It's not about love. It was never about love. It was a love at first sight situation; which has only grown stronger. But there comes a time when enough is enough. You've reached a fork into your journey and you can't stay along for the ride. He's always been a life-in-the-fast-lane kinda geeza - I always knew that. His boy racer ways were enticing at first but with kids it's now all a bit annoying. As painful as it is, I decided last Wednesday, after being left at the roadside with two kids, it's time to move on.
It was an article I wrote for Fourth Trimester Magazine that sparked it all off. A few Instagram DM's later and I'd found another British Asian mother who was pregnant out of wedlock. Her experience of " stress and crap thanks to family" caused a difficult first few months of pregnancy. Her wish to remain anonymous highlights the stigma that still lingers around pre-marriage pregnancies in parts of the Indian community. Whilst my experience was slightly different, I can relate to her feelings of what she describes as "stress and guilt". Here is her honest confession.
She's lovely, smart, down to earth, a mother to H, insanely beautiful (inside and out). When Jenny founder of Mamazou, a global hub for parents to feel human, isn't building her empire or being a mother, she's working at a small accounting firm. We asked her how she manages to give her 100% to everything.
When I first started Mummy + Nina I wanted it to be a place of reality on life as a young mother. That meant being totally honest with my experiences, good and bad. In a recent interview with Nicola (brains behind Too Much Mothering Information) we discussed life with two kids. Here's what she asked me:
There’s always that one person that trips during a degree ceremony. In our cohort of 2013 someone did fall, but I’m proud to say it was not me.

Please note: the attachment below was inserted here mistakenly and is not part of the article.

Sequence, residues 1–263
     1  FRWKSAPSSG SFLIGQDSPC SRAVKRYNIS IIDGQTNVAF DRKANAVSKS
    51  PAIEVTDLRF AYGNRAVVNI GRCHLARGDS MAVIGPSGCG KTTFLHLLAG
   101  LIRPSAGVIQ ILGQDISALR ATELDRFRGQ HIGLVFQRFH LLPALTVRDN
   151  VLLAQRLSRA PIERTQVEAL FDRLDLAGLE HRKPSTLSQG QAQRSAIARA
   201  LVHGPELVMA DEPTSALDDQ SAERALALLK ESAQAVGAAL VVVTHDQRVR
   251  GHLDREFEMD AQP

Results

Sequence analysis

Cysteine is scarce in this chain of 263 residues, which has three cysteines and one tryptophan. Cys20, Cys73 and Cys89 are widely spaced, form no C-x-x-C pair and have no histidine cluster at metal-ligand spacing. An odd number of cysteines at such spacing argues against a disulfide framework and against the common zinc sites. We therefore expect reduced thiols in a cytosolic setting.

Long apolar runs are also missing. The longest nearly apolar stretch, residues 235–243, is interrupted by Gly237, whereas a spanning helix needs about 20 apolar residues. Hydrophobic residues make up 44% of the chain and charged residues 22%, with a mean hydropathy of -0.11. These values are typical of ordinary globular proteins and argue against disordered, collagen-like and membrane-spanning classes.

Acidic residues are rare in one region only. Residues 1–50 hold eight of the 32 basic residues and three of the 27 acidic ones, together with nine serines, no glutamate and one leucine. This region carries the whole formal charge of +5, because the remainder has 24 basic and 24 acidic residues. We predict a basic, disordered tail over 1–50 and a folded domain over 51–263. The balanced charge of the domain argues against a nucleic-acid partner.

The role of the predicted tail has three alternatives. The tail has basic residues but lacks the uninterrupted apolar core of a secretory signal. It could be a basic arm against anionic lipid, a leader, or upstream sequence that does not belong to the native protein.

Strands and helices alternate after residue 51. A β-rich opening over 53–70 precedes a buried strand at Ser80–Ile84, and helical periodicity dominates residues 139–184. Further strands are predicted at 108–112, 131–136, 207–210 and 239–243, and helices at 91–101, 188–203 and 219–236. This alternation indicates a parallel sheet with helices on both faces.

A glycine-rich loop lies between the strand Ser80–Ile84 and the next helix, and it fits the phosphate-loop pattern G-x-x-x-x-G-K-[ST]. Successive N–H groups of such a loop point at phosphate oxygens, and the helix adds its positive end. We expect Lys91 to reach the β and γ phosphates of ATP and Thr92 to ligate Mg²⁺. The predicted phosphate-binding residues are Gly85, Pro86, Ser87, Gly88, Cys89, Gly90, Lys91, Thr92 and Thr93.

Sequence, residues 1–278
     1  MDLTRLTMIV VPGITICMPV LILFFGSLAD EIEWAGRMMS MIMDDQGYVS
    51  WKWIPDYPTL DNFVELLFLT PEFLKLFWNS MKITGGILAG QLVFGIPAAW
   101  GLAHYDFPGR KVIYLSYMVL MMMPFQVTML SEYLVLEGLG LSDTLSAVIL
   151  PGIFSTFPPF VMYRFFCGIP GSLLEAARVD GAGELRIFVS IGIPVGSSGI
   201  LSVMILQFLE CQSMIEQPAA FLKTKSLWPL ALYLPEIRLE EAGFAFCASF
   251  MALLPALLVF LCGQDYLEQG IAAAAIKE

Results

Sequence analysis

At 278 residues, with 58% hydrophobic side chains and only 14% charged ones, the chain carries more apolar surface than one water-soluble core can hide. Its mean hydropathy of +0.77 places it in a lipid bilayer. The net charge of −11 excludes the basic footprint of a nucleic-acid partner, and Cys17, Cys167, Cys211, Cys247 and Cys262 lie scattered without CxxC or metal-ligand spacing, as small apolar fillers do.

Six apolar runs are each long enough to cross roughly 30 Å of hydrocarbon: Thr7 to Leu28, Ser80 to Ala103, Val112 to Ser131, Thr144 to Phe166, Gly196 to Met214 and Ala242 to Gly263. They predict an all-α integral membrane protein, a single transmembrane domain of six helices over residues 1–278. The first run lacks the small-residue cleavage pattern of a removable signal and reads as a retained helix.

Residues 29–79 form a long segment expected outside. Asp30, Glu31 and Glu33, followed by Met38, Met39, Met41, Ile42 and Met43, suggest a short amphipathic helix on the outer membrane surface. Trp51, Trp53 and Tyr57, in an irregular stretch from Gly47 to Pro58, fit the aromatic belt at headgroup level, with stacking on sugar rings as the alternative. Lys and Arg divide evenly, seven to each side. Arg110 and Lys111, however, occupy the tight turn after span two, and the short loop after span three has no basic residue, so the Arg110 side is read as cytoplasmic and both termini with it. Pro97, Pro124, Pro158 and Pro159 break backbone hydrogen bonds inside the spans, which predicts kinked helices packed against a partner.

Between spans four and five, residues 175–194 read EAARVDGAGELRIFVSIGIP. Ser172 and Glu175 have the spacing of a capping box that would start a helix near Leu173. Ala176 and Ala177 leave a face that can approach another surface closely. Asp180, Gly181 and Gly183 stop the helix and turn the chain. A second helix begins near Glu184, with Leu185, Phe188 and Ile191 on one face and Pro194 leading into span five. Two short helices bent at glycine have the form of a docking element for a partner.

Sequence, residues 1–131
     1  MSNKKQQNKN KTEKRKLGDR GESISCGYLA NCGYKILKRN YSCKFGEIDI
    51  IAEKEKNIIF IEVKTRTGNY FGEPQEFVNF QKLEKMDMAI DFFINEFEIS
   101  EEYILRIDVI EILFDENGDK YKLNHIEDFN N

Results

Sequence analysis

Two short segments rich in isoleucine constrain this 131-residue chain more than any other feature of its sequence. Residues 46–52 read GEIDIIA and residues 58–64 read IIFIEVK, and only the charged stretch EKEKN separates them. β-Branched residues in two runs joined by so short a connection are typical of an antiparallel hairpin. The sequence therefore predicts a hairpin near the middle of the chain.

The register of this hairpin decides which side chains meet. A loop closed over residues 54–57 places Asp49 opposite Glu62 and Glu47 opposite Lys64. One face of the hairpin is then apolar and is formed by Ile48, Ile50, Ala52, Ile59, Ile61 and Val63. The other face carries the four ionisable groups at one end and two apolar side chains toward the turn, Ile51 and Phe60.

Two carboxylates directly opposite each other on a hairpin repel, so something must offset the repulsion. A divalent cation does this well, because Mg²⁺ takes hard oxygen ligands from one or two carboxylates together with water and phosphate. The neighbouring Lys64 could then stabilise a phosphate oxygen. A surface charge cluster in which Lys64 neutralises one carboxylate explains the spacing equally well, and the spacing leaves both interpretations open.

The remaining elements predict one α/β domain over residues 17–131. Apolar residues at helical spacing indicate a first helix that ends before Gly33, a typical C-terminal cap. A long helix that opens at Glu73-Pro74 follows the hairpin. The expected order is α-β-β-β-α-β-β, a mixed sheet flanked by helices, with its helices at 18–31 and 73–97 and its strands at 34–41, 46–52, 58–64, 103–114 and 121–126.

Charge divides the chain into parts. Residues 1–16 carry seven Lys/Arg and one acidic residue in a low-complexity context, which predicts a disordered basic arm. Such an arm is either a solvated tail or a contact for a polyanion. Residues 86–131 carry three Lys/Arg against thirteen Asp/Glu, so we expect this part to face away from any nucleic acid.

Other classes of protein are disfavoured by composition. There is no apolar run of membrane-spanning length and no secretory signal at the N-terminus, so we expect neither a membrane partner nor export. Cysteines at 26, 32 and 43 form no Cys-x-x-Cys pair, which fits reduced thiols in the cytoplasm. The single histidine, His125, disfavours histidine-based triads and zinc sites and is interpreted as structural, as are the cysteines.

What to do when your child insists on running around naked? Or when they're sat in the middle of Costa singing the 'I love boobies' song (not sure where it came from, certainly not me. Children all reach an age where they are aware of their physical differences but have yet to understand their sexuality. Nicola Washington, the awesomeness behind Too Much Mothering Information, stepped up to the mark when I asked her at what point she would introduce privacy to her children.
Most, if not all, of us find being a new parent challenging. The late night feeds and inconsolable crying are demanding at best. I've always considered parenting to be like changing an aeroplane's engine whilst it's in flight. There is an expectation to provide constant service without any time to pause. 'It's a phase, it will soon pass' is often the reassurance we need to get through one more night until the next teething spell. But what happens when it isn't a phase? When you know it won't just pass? And you don't know whether your baby will survive?
10.30am: I admit defeat. Every. Single. Time. I say today will be different. That they wont be hypnotised by some sort of electronic device. But the truth is; I'm down to my last Hard Rock Cafe T-shirt, I've missed breakfast (again), and I can't remember the last time I enjoyed a shower in peace.
In a world abundant with parental literature we're constantly nose deep in the latest book; trying to figure out if, our barely 24-hour old baby, is a Textbook Baby, Spirited Baby or an outright Grumpy Baby. It can all be a bit daunting with so much conflicting material at our fingertips. Sometimes you just need to ask someone who has lived to tell the tale.
“I'm sorry, but we’ve had to clear the entire surgery schedule. Your husband has done more damage to his hand than expected and we’re not sure when he’ll be out. You’ll be able to see him once he’s woken up. Come back in an hour.” 6 and a half hours later I saw my husband being wheeled across the ward, groggy as hell and arm suspended in a foam sling. In the battle of man vs food, the avocado won in a Game of Thrones worthy slice to his right hand.